Bubble players crossing their fingers

As the Ravens walked off the practice field yesterday, something felt a little different. The normally boisterous post-practice atmosphere had definitely turned more solemn.

The fun part of the game of football will disappear for about the next 24 hours, as hundreds of players around the league will find out today that they've lost jobs. For many of those players, the news that they've been cut will end their dreams of playing NFL football for good.

That's something which is not lost on head coach John Harbaugh.

"It's a tough time," Harbaugh said. "You see these guys and they're loose, but you can tell that they are thinking about (the roster cuts). There are a lot of guys at stake right here as far as who is going to make it, who is not. It's the toughest part of the job that we have because they have all become Ravens. They have all become part of us. We'll just to see how that goes over the next 24 hours."

For the bubble players, guys like linebacker Jason Phillips, getting a good night's sleep last night couldn't have been easy.

Imagine every time your phone rings or you get an email, you think it might be your agent, telling you whether you've done enough to earn a roster spot. As the cut deadline gets closer, you wonder whether you know where your next paycheck will come from.

Despite all that, Phillips - the Ravens' fifth-round pick in 2009 - said that he's going into this uncertain time feeling confident he's made the team.

"Yeah, I do," Phillips said. "I enjoy being here. It's changed a lot since my first year. My first year, I didn't know if I could play or how my knee was going to hold up. This year, it's just been reassuring me that I can play, and it's given me a chance to really work on little things that I need to get better at."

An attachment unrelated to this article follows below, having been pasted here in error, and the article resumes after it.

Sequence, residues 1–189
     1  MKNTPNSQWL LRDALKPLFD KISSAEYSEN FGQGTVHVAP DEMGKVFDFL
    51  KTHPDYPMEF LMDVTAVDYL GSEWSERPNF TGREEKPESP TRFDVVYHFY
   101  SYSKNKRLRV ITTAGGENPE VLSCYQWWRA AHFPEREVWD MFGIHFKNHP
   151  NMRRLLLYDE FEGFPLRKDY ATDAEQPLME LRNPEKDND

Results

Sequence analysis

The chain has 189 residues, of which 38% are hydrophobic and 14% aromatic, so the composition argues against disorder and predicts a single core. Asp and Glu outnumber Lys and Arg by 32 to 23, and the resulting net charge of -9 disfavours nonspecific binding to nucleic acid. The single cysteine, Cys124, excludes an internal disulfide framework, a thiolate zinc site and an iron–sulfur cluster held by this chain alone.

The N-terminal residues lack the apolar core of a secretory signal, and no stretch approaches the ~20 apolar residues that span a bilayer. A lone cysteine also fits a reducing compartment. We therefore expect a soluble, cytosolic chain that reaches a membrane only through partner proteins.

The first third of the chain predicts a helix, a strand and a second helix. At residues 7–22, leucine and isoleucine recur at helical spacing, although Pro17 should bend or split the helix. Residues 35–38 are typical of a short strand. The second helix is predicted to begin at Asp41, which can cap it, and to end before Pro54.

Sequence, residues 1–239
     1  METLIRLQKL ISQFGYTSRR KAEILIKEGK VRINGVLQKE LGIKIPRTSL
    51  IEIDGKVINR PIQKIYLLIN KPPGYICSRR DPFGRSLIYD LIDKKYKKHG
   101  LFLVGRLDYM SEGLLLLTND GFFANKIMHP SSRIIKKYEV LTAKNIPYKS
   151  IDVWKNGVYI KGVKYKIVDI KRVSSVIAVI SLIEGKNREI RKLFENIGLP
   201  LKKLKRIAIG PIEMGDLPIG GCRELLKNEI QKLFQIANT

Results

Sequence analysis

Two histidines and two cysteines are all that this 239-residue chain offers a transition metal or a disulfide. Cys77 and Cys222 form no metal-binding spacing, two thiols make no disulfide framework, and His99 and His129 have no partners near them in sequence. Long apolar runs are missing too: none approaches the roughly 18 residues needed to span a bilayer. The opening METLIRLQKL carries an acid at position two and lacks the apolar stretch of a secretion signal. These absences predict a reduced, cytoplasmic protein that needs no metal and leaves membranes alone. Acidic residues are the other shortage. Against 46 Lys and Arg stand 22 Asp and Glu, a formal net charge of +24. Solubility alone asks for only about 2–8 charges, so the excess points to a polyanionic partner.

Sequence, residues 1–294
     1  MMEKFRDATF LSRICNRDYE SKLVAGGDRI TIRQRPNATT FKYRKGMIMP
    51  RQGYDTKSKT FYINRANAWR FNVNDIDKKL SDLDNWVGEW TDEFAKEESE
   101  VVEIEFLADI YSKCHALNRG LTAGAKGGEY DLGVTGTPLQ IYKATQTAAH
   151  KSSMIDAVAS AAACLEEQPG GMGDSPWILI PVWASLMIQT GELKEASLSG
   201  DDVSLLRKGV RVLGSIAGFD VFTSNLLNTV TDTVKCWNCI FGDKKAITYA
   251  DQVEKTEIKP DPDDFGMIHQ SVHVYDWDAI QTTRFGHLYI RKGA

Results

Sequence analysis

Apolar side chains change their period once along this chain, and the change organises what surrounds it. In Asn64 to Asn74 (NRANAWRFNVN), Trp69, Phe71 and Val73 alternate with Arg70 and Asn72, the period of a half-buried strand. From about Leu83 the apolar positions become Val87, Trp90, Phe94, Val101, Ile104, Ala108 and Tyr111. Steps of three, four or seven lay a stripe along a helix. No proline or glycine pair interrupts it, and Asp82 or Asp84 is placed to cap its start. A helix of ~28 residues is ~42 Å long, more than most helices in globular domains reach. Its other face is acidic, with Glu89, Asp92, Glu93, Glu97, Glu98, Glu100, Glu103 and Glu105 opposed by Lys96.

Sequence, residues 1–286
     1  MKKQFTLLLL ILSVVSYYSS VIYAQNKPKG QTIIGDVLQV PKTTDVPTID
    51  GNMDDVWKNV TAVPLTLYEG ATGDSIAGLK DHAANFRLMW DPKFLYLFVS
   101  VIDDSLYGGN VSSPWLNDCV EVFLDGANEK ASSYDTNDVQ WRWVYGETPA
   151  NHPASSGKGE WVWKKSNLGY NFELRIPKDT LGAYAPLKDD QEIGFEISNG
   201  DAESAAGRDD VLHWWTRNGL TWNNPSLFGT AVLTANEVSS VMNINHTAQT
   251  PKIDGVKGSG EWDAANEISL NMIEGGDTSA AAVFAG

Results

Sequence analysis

Rookies, like seventh-round running back Anthony Allen, have never been through this process before. The Georgia Tech product, who is battling veteran Jalen Parmele for the Ravens' third running back job, said he plans to stay as positive as possible and not let any negative thoughts creep into his head.

"You can't even bring that stress on you, you can't bring that stress on your family," Allen said. "You've got to remain calm, remain positive and hope that everything you've done up to this point will get you through.

"I'm just confident in what I've done in practice, I'm confident in what I've done in games. It's out of my hands now. Whatever happens, happens. I'm hoping for the best, though.

For Harbaugh and the coaching staff, this is both an exciting time and a difficult one. Shaping the 53-man roster and finalizing what your team will look like has to be one of the most enjoyable parts of the job, while breaking the tough news to over two dozen players must take its toll.

"That's the thing: You are excited to finalize your roster. You are excited to say, 'OK, this is going to be our team. This is how we're going to move forward,' " Harbaugh said. "But that's going to not include some guys. That's the toughest thing because we love having every guy around. They wouldn't be here if they haven't been great - haven't done a great job for us. Those are going to be tough conversations that we are going to have."

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